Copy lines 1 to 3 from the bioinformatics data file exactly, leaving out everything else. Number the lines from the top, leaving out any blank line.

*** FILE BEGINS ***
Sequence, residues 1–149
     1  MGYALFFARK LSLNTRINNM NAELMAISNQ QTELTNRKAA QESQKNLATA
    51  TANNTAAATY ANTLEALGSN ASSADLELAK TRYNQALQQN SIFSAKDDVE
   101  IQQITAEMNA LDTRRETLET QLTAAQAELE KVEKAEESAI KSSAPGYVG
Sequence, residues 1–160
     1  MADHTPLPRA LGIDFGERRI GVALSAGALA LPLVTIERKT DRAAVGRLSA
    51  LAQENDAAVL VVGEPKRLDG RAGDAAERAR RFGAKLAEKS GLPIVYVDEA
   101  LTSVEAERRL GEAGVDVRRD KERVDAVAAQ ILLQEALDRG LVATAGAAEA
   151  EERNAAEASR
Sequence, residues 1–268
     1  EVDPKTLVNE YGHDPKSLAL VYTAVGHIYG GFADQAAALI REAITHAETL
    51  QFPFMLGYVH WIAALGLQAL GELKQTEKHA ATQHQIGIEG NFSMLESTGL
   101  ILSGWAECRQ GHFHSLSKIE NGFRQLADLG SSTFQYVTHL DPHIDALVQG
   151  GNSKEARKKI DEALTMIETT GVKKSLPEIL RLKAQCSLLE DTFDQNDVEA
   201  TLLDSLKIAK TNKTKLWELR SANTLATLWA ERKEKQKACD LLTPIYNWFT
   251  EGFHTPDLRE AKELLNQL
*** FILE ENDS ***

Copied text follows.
Sequence, residues 1–149
     1  MGYALFFARK LSLNTRINNM NAELMAISNQ QTELTNRKAA QESQKNLATA
    51  TANNTAAATY ANTLEALGSN ASSADLELAK TRYNQALQQN SIFSAKDDVE